Campus Life bee musing

On honeybees

Be aware of the environment you live in

Walk along the Charles today, and you’ll find that spring is in full swing. The crocuses and daffodils are blooming. The geese are back in town. And if you stand still for a bit and watch the flowers, you may encounter a few pollinating insects buzzing along.

Apis mellifera, the European honeybee, is one such pollinator. Honeybees are not native to Boston, but these creatures have increasingly found homes in urban areas, as residents of cities around the world reconsider the kind of ecological company they keep.

In my final year as an undergraduate, I have decided to start keeping bees at my living group as a bizarre sort of parting gift. This week, pika (one of MIT’s six independent living groups) will welcome its first colony onto our property in Cambridgeport. The colony should be a snug fit for our yard, which is already an eclectic nesting ground for an assortment of critters. The hive will join the ranks of our half-dozen chickens, two cats, and modest garden.

I hope that members of the MIT community come visit to observe and learn from them, because the honeybee serves as a powerful reminder of the network of causality which has brought us into the present. Flowering plants, pollinating insects, and mammals all co-evolved together over the past few hundred million years.

Honeybees teach us that relatively simple agents, operating socially, can yield intricate, startling aggregate behaviors. Even during the harsh northeast winters (hopefully a distant, fading memory in your mind), a hive maintains a constant temperature of around 96 degrees Fahrenheit at its core. Via dancing, bees manage to communicate to each other the precise location of flowers for forage, which may be upwards of four miles away. And they somehow collectively compose homes out of wax secreted from their abdomens and arranged in hexagonal chambers.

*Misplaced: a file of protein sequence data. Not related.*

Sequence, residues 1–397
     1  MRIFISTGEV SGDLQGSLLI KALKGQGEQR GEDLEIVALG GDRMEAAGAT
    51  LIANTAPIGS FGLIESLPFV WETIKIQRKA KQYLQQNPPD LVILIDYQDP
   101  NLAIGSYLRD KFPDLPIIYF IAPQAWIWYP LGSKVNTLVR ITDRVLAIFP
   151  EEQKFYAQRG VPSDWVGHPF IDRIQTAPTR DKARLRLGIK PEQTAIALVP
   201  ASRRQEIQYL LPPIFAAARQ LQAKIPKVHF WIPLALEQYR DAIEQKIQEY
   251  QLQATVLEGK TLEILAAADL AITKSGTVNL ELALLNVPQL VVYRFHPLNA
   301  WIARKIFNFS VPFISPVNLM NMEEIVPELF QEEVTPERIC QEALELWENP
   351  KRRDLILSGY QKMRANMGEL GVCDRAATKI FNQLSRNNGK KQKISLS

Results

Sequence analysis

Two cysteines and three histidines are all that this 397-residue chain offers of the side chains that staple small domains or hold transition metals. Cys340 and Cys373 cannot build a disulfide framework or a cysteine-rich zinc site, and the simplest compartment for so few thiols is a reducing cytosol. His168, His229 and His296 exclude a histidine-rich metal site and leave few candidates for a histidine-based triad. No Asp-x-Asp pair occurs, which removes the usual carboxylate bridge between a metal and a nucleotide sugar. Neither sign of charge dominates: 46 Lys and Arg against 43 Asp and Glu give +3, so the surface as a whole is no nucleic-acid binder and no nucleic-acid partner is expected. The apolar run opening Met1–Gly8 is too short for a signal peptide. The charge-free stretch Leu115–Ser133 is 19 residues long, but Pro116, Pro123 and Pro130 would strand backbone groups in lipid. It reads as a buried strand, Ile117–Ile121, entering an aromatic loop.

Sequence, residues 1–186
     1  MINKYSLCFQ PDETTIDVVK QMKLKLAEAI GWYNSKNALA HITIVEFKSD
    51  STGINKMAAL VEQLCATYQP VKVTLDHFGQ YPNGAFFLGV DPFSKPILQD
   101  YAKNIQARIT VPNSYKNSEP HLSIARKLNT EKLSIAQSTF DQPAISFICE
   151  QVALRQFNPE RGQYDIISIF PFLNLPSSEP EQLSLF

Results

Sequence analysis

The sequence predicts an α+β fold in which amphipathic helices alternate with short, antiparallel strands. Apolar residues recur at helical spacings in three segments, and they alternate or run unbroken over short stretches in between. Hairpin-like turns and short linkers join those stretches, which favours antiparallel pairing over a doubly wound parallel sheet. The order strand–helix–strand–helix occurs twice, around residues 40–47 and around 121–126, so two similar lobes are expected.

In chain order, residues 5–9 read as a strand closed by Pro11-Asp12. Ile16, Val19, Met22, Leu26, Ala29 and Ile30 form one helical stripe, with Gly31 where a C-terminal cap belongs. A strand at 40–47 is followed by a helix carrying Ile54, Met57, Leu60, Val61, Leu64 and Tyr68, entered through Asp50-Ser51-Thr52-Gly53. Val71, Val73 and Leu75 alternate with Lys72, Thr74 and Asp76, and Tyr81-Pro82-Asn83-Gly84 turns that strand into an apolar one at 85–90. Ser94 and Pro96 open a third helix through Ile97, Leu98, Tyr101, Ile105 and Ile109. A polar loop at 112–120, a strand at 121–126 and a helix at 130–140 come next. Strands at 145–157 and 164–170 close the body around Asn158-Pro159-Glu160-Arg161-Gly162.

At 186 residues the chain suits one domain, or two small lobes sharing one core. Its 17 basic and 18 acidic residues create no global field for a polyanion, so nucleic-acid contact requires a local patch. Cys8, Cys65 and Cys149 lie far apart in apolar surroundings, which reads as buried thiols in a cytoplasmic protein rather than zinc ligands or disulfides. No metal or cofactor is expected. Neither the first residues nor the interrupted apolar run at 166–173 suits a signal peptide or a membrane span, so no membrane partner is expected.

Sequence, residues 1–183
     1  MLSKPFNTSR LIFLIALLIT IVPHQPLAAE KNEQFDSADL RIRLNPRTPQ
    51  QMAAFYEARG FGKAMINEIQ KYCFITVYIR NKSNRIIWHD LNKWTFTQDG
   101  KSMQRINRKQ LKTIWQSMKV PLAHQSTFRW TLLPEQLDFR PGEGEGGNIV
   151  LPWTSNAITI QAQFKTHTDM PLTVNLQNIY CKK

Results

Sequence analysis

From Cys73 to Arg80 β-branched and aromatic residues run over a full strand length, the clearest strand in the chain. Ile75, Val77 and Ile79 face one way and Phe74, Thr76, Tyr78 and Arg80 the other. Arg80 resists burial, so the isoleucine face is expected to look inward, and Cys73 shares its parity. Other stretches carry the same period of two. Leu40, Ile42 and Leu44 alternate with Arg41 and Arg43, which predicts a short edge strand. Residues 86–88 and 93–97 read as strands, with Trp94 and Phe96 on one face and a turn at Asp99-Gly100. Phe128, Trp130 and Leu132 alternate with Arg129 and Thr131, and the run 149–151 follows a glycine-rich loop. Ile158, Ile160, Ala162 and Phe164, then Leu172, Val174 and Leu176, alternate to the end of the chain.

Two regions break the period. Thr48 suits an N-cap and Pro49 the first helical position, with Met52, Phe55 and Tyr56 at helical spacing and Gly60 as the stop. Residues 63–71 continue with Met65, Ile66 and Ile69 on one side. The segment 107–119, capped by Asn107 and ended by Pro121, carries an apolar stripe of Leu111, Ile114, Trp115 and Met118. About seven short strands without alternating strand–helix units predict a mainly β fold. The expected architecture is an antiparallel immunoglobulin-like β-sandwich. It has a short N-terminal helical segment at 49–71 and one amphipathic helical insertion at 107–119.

Many beekeepers have characterized hives as living, breathing research labs-in-a-box. As scientists examine these creatures and seek to understand them — both at an individual level and as systems — we gain continual insight into ecological connections, social behavior. We also see how much we have left to learn about chemistry, epigenetic regulation, and topology, among many other fields.

Today our agricultural system is heavily dependent on the honeybee and its fellow pollinators. The USDA estimates that honeybees alone contribute to $15 billion in crop value each year. California’s almond crop (80 percent of the world’s almonds), for instance, is pollinated almost exclusively by honeybees. Unfortunately, the future of managed beehives is at risk.

We don’t know if pika’s hive will survive its first winter. When humanity started engaging in migratory beekeeping practices a few decades ago, it appears that we unintentionally helped the bacteria, viruses, and parasitic mites which kill bees to rapidly spread throughout the majority of the honeybee population.

A lot of the man-made issues I have noticed in my short time on Earth seem to stem from our ongoing model of capitalism and mass production, which has encouraged the homogenization of a formerly diverse system in order to manufacture goods and services while potentially undermining the system itself.

While our Institute triumphantly proclaims that technology is a key facet to improving the livelihood of the world and decreasing human suffering, I am more hesitant to agree. I respect how far our species has come in such a short time, but I am also disturbed by how powerful tools have allowed us to walk very quickly without having the slightest clue what we are even pacing toward. The implications of this so-called Anthropocene perplex me to no end.

In the past few years, I have begun to view humanity as a superorganism. Honeybees and other social insects, while distinct from us in so many regards, have nonetheless been a useful model for understanding aggregate entities. They demonstrate that certain individual-level behaviors, while seemingly irrational or even destructive when viewed at the level of solitary agents, may actually contribute to the survival of the organism when viewed as a collective.

I hope that we use our technical expertise to cultivate the further discovery and understanding of life and other phenomena on Earth; to study these creatures and continue to piece together the nature of the causal web which constitutes the present. I hope that our capacity to build tools to expand the mind and eyes manages to outgrow our drive to build tools to expand the hands. Mens et manus.

If you have thoughts pertaining to the current state of affairs with bees, or the agricultural system at large, or how technology may play a role in undoing some of the unexpected life-threatening side effects of our present situation on Earth, I would love to hear from you. Come to pika on a sunny day sometime, and witness the flow and rhythm of the bees.

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